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If you’ve ever checked out Seth Godin’s blog, you know his stimulating and direct blend of writing. He continues with this style in Tribes – where he explains how real world leaders are able to initiate change by getting past their fear and that settling for mediocrity is dangerous.
I’m a big fan of the layout of this book. Instead of having “traditional” chapters, bold headings prepare the reader for short paragraphs that hold valuable insights into this bestselling authors mind.
Seth proves how today is the perfect time to lead, as we have unlimited tools and advantages at our disposal. The specific technology we can use to lead is irrelevant – what’s important is that reaching an audience will only continue to get easier. Tribes lacks the simplified checklist of things you can do to be a better leader (as it should). If it were so easy, everyone would be doing it.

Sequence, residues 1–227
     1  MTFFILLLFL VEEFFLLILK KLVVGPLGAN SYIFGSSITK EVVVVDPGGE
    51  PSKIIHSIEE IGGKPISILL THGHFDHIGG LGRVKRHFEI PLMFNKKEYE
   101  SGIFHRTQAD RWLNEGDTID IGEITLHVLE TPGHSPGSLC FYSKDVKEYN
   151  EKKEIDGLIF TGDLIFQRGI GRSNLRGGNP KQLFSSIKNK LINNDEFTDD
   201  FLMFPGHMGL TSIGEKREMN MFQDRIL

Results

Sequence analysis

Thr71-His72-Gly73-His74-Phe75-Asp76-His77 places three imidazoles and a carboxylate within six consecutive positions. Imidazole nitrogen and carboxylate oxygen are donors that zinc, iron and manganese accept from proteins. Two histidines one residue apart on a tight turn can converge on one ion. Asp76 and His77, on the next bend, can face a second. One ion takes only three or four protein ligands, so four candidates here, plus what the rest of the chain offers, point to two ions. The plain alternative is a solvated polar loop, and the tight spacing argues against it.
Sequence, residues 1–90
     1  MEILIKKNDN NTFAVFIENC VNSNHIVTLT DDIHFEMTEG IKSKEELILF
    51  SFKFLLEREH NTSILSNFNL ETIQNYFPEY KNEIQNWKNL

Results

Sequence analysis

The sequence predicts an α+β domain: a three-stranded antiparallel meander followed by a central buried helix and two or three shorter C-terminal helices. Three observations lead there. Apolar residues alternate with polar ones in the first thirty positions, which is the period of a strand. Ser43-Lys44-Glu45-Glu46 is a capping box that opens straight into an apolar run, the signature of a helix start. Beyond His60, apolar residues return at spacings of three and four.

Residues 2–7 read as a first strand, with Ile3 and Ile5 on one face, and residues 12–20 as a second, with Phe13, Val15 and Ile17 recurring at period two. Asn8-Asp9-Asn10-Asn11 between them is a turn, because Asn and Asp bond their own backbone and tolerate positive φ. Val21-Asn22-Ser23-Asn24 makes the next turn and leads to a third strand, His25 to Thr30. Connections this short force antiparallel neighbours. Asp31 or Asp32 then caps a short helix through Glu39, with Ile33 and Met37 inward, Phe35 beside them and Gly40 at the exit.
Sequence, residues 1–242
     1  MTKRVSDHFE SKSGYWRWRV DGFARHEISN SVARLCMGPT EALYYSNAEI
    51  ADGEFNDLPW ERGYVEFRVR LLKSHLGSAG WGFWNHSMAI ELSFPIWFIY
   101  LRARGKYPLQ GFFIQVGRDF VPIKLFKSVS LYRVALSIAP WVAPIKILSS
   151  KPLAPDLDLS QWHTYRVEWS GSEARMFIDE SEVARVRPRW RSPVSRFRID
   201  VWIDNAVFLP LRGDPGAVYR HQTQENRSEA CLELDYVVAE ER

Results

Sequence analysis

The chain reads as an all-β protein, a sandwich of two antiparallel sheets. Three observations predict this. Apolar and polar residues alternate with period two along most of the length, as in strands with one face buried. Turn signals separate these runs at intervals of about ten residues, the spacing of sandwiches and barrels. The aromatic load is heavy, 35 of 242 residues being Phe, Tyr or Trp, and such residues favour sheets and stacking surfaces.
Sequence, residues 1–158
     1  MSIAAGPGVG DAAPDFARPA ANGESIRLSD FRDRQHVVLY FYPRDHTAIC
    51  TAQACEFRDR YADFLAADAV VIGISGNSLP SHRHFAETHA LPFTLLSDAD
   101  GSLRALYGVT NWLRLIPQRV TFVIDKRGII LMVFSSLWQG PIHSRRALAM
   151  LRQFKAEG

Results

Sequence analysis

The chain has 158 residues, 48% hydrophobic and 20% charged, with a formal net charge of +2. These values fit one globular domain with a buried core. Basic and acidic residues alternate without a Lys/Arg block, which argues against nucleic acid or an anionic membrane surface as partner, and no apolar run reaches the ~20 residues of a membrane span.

So what are people looking for in a leader? Seth argues that the ability to listen is a much desired trait, however very difficult to come by from those who lead – and the big secret revolves around active listening. The ability to absorb information around you provides value in order to make that important business decision.
My paperback copy of Tribes is only 125 pages long– yet it feels like an endless source of motivating material. I definitely recommend picking up a copy for yourself.
I’ll end this short and sweet review with one of my favorite quotes from the book…
“A thermostat is far more valuable than a thermometer.”
And every organization needs a thermostat.
Although this post is sponsored, all opinions are my own.